Here are a couple of Gallup statistics to consider:

  • Actively disengaged employees erode an organization’s bottom line.  Within the U.S. workforce, Gallup estimates this cost to be more than $300 billion in lost productivity alone.
  • Engaged work groups show higher productivity, fewer safety incidents, lower absenteeism and are more profitable than disengaged work groups.  Their research shows that engaged organizations have 3.9 times the earnings per share (EPS) growth rate compared to organizations with lower engagement in the same industry. (Gallop statistics)

Now the question is. “What really drives engagement?” Teresa Amabile, a Harvard Business School professor, and Steven Kramer researched that question. What they determined is that of all the events that engage people at work, the single most important is simply making progress doing meaningful work. In a September 4, 2011, New York Times article, Amabile and Kramer note, “As long as workers experience their labor as meaningful, progress is often followed by joy and excitement about work.” Interestingly, this positive “’inner work life“ (as the researchers call it) has a profound impact on creativity, productivity, commitment, and collegiality.

The leader’s role, then, is to help people make progress — remove obstacles, provide support, recognize progress, and provide feedback on what’s not working. Unfortunately, almost all managers don’t see making progress as a compelling motivator. When Amabile and Kramer asked 669 managers from around the world to rank five employee motivators, they ranked “supporting progress” dead last. Ninety-five percent of these leaders failed to recognize that progress in meaningful work is a far more important motivator than raises and bonuses.

When was the last time you talked about any of this with your people? Probably not recently. Conversations with our teams are usually about financial results, how many deals are about to close, or where someone is in a project.

Next time you are trying to create motivating environment, don’t automatically think about traditional rewards. Think about whether your people feel like they are moving up the trail or if they feel like their pushing a boulder up a mountain only to have it roll back down on them.

Then ask yourself how you can bring more of of a sense of progress to the work and the workplace.

Make Your Team Smarter

Executive Team

Executives  and managers are an action-oriented group. That’s usually one of the characteristics that has made them successful. They see something that needs to be done and make sure it gets done. Unfortunately, when they’re working as a team, that drive for action makes the team do dumb things.

 

The dumb thing they do is jump right into solving the problem — identifying courses of action, recommending solutions, pushing to make a deadline.  But, wait, isn’t that what they’re supposed to do?  Well, yes, but there is a better way to do it. You see by just jumping into solution-mode, the team often plunges into conflict because they never agreed on what the issue was they were trying to solve, never spent a few minutes setting up a process, and haven’t really vetted the reasonableness or effectiveness of a solution.  Then, it’s  well into the conflict before they realize that the reason for the conflict is that they are not all on the same page. Don’t get me wrong, I’m a big proponent of constructive conflict in teams. However, this type of conflict is an unnecessary time waster.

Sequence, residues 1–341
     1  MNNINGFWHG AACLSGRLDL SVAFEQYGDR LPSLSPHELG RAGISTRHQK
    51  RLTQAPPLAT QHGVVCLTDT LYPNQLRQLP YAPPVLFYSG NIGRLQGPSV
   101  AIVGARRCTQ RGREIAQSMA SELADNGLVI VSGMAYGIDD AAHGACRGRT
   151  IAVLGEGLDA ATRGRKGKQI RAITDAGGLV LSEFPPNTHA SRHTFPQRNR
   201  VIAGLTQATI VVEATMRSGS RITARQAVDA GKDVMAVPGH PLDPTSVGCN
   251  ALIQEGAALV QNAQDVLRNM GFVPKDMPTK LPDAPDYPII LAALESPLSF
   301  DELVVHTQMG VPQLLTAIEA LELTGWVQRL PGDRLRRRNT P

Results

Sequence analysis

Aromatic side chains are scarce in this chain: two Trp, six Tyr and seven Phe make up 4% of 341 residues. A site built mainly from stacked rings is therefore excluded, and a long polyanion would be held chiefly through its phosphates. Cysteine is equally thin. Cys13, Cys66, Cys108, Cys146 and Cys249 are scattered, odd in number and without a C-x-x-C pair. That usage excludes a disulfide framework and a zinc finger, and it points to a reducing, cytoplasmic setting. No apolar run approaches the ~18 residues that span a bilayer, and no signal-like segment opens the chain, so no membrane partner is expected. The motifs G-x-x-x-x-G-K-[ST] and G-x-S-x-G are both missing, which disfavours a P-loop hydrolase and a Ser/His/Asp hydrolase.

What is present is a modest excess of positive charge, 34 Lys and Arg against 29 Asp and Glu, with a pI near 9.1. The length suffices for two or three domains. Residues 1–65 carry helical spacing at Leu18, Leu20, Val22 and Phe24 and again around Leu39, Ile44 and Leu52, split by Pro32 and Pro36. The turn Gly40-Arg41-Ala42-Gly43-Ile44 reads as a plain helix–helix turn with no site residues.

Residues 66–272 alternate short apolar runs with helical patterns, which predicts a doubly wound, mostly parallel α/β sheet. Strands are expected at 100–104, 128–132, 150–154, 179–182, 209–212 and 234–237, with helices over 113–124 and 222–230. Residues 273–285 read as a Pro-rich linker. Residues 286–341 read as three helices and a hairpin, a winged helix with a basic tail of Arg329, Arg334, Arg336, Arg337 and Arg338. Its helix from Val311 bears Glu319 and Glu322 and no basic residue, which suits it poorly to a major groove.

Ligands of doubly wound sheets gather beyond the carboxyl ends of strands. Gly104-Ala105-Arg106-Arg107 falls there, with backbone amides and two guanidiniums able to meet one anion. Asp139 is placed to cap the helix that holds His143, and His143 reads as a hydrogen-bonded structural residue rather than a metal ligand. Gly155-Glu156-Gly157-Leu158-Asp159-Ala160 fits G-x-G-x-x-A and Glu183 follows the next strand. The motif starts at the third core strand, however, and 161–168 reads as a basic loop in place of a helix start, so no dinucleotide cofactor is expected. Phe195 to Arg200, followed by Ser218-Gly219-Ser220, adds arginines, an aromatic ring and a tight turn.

The drive for action often makes people feel like they’re ‘wasting time’ by spending time making sure everyone is on the same page about what the issue is, have criteria for successful solutions, and have put at least a small amount of structure around how we’re going to drive to solution. Actually, the exact opposite is true.  By doing some initial level-setting and planning early on, the likelihood that a team will come to the best solution and be able to implement it quickly is greatly increased.

 

Stepping back to move forward leverages everyone’s best thinking.  It makes the team smarter.

Push and Pull

Push and Pull

Over the past year, I’ve been working with an amazing business coach who has been helping me take my thinking to the next level. One of the biggest take-aways for me has been thinking about the balance of push and pull energy.

Push energy is what you do when you are advocating, telling, putting your opinion or expertise out there first. Pull energy is about asking, inquiring, allowing the other person to bring what they need to into the conversation.

Often, the leaders I work with struggle with this balance. Too often, they rely on push energy — focusing on telling others what needs to be done, building and selling a business case, pushing to get a change accepted. Don’t get me wrong. These are things that all need to be done and should be a part of what leaders do. It’s what people look for at certain times from their leaders. But, when we rely too heavily on the push, we are often met with indifference, resistance and compliance rather than engagement, enthusiasm and interest. When we rely too heavily on pull, people can sometimes feel like they don’t get our input or perspective. They are sometimes thinking, ‘just tell me what you want!’

Over the next several days, notice how often you are relying on your push energy to get things done and how often you are using pull energy. Take notice of the balance. If the balance is too much in one direction or the other, how can you shift your behavior to reset the balance?

Building an Accountability Culture